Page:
As part of the provincial budget announced on April 23, the Ontario government has decided to first throw seriously injured accident victims off the bus and then deprive them of the ability to make a good recovery. The announcement comes as a total blindside to interested stakeholders.
Historically, whenever the Ontario government was considering major changes to automobile insurance legislation, there was widespread consultation with stakeholders. That consultation process consistently revealed it was common ground among all stakeholders that it was sacrosanct to reduce the benefits available to the most seriously injured persons. As a result, prior changes focused on changes other than reductions in the benefits available to the catastrophically impaired.
The government’s announcement includes five major changes. Each change reduces the funding available to accident victims. Each change reduces the chance for an accident victim to regain their independence. Each change results in further pressure on the currently underresourced public health care system.
The changes, in order of least to most significant, are:
— A reduction in the benefit maximums in non-catastrophic impairment claims from the current total maximum of $86,000 (being $50,000 for medical and rehabilitation benefits plus $36,000 in attendant-care benefits) to a combined total of $65,000. In addition, the duration for accessing these benefits falls to five years from 10 years except in cases involving children. Prior to the Sept. 1, 2010, changes, these benefits totalled $172,000, so the new reduced maximum, after accounting for inflation, is about a 65-per-cent reduction from the amounts available prior to that time.
— A reduction in the duration of eligibility for non-earner benefits from life to a maximum of two years (albeit without the six-month waiting period that currently applies). This change will affect students the most as they had previously qualified for a higher weekly benefit rate of $320 a week after two years. For example, a seriously injured teenager who will never work again because of accident-related injuries will now be unable to access the weekly benefit.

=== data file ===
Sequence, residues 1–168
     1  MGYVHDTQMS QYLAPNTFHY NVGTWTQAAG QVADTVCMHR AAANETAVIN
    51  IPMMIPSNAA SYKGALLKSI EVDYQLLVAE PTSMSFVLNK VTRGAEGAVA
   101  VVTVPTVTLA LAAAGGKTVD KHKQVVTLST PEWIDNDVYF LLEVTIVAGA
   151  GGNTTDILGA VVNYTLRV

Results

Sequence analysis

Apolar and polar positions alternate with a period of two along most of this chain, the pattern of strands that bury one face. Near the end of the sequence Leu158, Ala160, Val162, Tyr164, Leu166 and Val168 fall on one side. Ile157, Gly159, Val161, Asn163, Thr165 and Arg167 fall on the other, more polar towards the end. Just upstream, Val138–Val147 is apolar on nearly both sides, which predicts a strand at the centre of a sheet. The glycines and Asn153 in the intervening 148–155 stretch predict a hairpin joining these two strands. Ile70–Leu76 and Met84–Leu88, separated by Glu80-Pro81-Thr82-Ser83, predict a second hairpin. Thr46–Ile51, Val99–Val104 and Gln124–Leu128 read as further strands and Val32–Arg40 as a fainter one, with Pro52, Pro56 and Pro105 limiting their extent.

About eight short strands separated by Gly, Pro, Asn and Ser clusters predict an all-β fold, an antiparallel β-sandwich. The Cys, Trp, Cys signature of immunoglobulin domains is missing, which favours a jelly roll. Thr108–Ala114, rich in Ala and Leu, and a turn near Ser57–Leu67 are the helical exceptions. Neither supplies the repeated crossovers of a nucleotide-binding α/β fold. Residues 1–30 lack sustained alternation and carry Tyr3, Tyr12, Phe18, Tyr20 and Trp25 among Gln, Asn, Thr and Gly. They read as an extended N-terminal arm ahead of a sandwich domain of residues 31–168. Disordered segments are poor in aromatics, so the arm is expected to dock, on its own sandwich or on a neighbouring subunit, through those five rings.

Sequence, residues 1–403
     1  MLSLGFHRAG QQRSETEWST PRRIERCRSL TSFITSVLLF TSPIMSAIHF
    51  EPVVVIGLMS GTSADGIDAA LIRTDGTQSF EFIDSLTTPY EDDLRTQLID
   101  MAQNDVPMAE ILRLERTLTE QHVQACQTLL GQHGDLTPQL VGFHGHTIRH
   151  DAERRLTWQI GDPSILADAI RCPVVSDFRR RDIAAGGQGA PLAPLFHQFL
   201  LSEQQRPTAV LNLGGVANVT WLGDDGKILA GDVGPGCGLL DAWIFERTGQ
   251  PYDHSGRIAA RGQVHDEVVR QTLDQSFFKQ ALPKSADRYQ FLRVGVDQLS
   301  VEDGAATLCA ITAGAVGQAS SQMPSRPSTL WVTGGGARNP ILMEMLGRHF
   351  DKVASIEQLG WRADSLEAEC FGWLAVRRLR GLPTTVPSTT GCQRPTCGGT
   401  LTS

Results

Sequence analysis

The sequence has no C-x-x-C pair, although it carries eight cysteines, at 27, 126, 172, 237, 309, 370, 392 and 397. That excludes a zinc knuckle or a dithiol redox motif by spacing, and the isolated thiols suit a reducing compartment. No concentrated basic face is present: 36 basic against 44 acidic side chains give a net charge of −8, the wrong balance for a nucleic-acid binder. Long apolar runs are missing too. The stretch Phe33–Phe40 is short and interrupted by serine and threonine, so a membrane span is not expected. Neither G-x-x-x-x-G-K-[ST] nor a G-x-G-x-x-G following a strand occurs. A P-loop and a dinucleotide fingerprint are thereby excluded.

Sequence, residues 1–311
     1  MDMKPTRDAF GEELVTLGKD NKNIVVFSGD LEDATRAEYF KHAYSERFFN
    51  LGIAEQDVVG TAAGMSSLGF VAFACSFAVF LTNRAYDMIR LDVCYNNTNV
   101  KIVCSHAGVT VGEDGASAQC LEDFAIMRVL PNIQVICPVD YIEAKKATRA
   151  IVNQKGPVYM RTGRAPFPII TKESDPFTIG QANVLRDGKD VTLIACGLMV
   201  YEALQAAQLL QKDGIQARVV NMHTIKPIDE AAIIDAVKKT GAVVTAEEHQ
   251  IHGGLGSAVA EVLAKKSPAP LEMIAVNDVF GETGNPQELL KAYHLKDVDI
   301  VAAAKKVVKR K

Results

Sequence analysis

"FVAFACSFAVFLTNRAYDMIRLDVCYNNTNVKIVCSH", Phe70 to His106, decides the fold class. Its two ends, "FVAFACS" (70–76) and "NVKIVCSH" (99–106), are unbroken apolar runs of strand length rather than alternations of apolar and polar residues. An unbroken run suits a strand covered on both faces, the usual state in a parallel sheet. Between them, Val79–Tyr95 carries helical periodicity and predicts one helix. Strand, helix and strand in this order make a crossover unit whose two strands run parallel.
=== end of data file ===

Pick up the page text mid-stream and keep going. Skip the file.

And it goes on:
— Indexing the tort deductibles to inflation since 2003. This change means that anyone with a valid claim for pain and suffering will face an inflated deductible of roughly $37,000 instead of the current $30,000 unless their pain and suffering award is assessed at more than the inflated vanishing deductible of roughly $123,000. While this change is arguably an attempt to adjust the previous deductibles to the level intended in 2003, it’s notable that the accident-benefit limits have all remained unchanged by inflation for the last 20 years.
— The intention to revise the definition of catastrophic impairment purportedly in an effort to capture only the most seriously injured persons. Given that the expert panel on this issue had recommended the removal of the simple, efficient, and popular Glasgow coma scale test, the revised definition will undoubtedly be seen as a significant narrowing of the catastrophic impairment designation. Moreover, by changing the now well-understood tests that have been in place for close to 20 years and by eliminating the simple and easy Glasgow coma scale test, identifying who will qualify for catastrophic impairment will be more challenging.
— A reduction in the maximum benefits available to catastrophically impaired people from $2 million ($1 million in medical and rehabilitation benefits plus $1 million in attendant-care benefits) to a total of $1 million. This $2-million maximum has been in place for roughly 20 years and, after accounting for inflation on all of the potential benefits, these further changes will cut the amounts by roughly 70 per cent of what was available back in 1996.
Insurance, by its nature, is there to protect against unexpected events. The government’s announced reductions to automobile insurance benefits provide no such protection. The changes serve to defeat the very purpose of mandatory automobile insurance in Ontario.
The government is making these changes as part of an attempt to address the political pressure to reduce automobile insurance premiums. However, it’s making the changes without an investigation into the legitimate questions about the excessive profits earned by the very insurers the government is trying to appease and before it has assessed the savings from the last round of reforms.
Through these reductions, the Ontario government has sacrificed the most vulnerable citizens for political gain.
Darcy Merkur is a partner at Thomson Rogers in Toronto practising plaintiff’s personal injury litigation, including plaintiff’s motor vehicle litigation. He’s a certified specialist in civil litigation and creator of the Ontario personal injury damages calculator.